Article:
They were leaning against the sashes and sheets, people I had known since I was born, people whose names I had forgotten but whose faces I knew like the letters of the alphabet. Mrs. Violet who ran the dress shop was standing in the corner, mouth open and fingers working into the nap of my mother’s curtains. Miss Lynch, our typing teacher, was behind her, a slip of gray hair reaching out from underneath the black wig she always wore. Hank Jespersson was there again, his pale blue uniform shirt crisp, and all his little deputies arrayed behind him. Our gym teacher was there, and the pastor and his family, and Press Warren, the richest man in town, trying to look like he had just wandered in on his lunch break.

At the front of the crowd, crouched down on the floor, was a little girl I didn’t recognize, probably from the trailers up on Carrier Row. Her arms were locked around her knees and she was looking not at the rabbit but at Sabbath, like she knew there was some trick to it but couldn’t quite figure it out. Her hair was blond, but colorlessly pale, not like Sabbath’s, which was crucifix-bright, and she was resting her chin on her knees, her jaw clenched in concentration. I knelt before her, the rabbit in my hand, and offered it to her.

Here, I said. Look at it. Touch it. Feel it. Then pass it along.

She unfolded her legs and arranged her arms into a cradle, so carefully I almost wanted to remind her that the thing I was about to give her couldn’t be hurt.

I was following my instructions, but I was too slow. Behind me, Sabbath had begun to cry again. The next one was coming. The crowd was waiting. I got up and went back to Sabbath’s side.

Be brave, I said, and I knew that everyone in the crowd was thinking the same thing. I bent over and kissed her on the forehead, tasted her animal sweat, and looked at her face as I came away. For a second, even I believed it was true.


The next morning Doctor North came to examine Sabbath, but mostly he examined her babies. One of them had its skin torn off after she put it up there—by the muscles pushing, contracting, expanding, and whatever else they did when she looked so in pain—and the pelt came out a few minutes after the body, like a glove for a hand. The doctor measured both and made careful notes in his ledger, some of which I saw: Feet distinctly catlike. Small amounts of stool in rectum. Eyes closed. Nails quite sharp. Teeth normal. He went on for pages about the rabbits, but hardly looked at Sabbath at all. After he left, she sat in bed smiling and filing her nails. It smells good in here, she said.

It’s not full of dead rabbits is why.

It will be soon.

How soon?

I was thinking tonight.

Jesus, I said. What’s the hurry?

The doctor was convinced. If anyone else was left, they’ll follow him.

He really believed you?

He’s older than God. Why wouldn’t he?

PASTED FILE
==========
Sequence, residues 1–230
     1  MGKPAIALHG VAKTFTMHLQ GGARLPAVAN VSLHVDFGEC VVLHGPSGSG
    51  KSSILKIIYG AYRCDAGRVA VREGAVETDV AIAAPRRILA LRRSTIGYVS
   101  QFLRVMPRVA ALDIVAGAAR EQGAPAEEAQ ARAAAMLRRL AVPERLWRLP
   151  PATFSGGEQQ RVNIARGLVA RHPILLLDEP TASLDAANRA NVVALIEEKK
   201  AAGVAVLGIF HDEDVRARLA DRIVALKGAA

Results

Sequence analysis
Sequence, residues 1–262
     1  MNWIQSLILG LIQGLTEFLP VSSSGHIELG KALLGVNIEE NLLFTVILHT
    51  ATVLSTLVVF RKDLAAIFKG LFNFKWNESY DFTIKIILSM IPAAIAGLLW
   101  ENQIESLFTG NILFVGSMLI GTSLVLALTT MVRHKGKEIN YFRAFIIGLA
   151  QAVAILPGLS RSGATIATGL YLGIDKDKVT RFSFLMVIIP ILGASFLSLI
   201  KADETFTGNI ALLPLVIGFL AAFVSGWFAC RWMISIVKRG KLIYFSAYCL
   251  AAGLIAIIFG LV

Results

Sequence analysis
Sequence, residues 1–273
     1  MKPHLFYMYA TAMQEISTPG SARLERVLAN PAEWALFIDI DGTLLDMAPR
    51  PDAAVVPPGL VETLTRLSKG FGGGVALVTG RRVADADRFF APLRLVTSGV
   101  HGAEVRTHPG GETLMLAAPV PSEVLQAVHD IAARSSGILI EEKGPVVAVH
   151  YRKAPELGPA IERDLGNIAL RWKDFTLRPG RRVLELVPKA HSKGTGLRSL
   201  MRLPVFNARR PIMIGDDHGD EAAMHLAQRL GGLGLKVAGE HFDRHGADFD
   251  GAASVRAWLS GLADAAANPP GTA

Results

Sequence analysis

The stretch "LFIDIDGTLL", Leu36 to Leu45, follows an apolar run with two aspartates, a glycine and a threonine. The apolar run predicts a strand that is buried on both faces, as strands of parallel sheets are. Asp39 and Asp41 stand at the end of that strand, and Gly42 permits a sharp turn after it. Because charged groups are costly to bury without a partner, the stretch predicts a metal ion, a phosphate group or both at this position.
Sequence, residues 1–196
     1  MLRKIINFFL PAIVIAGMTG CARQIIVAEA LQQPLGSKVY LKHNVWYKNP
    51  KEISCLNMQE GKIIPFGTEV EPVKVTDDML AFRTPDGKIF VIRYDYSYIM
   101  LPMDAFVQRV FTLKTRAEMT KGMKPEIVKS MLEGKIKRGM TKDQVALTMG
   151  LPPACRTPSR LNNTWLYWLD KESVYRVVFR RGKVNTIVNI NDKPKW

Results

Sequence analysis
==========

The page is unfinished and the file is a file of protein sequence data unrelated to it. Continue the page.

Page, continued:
I had been thinking to myself that he wouldn’t believe her for about the same reason. I don’t know, I said.

Well, you can think about it on your way to the bunny lady’s. Better get a few day’s worth. I feel a big one coming on.


From then on, there was a show once a night and twice on Sundays. I delivered Sabbath’s babies, passed them around, and then served coffee downstairs and listened to the talk. The theory most people believed was that Sabbath—slut that she was—had gotten pregnant, and was scared by a rabbit, or ate raw rabbit meat, or killed a rabbit somehow, and after that kept giving birth to its babies. To them, she had been a common slut, but now she was something else—had been chosen. The only problem was that no one could figure out for what.

It didn’t take long for me to stop going to the bunny lady’s house, but it took a little longer for me to get good at catching rabbits. I found out that the best time was early morning, when the air was the blue of cigarette smoke and TV glow; and people, though wakeful, stayed inside. I went up Sparrowrise, past the bunny lady’s house, up to where the ground finally leveled off and the sun had nothing to hide behind when it arrived. I lay still as the dead until a kit came to sniff at me, and then I lay still a little longer, just to see if it would decide that I had nothing for it, and wander away. It never did.


Sometimes, late at night, Sabbath would crawl into bed beside me—my mother passed out on the couch downstairs—and talk about all the things we would do with the money, once this was over.

We can leave town, she said.

After we graduate?

Before. It doesn’t matter.


Los Angeles. Alaska. Monaco. Wherever we want.

There probably isn’t that much in those boxes.

It doesn’t matter, she said. It’s enough.

It might have just been enough, I thought, that she didn’t have to be the town slut anymore, even though I had never seen her do a slut thing—she was a Harder girl and there were no other Harder girls to look down on, and that was enough. When she left town now she would be the girl who gave births to rabbits, the mystery no one knew well enough.

We’ll go to college, I said.

We’ll buy horses, she said, and go wherever we want on them.

We’ll never eat rabbits again.


Nearly every day Sabbath asked for the next batch of rabbits to be a little bigger and stronger than the last, and nearly every day she seemed a little smaller and weaker. Her hair began to fall out from how much she brushed it, and looked against the dome of her forehead like the yellowing of something long dead. I could see all the bones in her shoulders, and then in her chest. When she climbed into bed beside me her hips pressed into my back like a metal trap, and I let myself fall into her, and waited for the teeth to snap shut.